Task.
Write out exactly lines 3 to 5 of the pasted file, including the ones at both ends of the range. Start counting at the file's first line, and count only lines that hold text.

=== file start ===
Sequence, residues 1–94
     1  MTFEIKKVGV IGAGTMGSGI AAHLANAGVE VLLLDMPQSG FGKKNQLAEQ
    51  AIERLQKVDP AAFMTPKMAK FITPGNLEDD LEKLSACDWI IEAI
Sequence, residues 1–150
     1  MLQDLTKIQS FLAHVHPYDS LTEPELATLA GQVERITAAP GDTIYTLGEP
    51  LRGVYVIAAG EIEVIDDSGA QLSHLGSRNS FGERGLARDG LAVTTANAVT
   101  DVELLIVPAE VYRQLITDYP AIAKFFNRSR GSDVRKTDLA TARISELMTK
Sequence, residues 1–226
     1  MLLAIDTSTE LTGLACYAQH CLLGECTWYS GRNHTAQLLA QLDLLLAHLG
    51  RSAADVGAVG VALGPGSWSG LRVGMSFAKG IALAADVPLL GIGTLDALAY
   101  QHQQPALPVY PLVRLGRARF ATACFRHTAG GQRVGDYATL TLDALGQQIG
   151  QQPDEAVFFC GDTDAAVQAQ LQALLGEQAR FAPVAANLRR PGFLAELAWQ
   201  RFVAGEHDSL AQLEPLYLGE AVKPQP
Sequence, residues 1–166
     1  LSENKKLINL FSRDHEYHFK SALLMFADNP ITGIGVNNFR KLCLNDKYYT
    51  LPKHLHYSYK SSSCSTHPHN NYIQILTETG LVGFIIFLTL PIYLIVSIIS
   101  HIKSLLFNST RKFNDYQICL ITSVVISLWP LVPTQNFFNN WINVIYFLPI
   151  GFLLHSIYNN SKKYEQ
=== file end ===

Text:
    51  AIERLQKVDP AAFMTPKMAK FITPGNLEDD LEKLSACDWI IEAI
Sequence, residues 1–150
     1  MLQDLTKIQS FLAHVHPYDS LTEPELATLA GQVERITAAP GDTIYTLGEP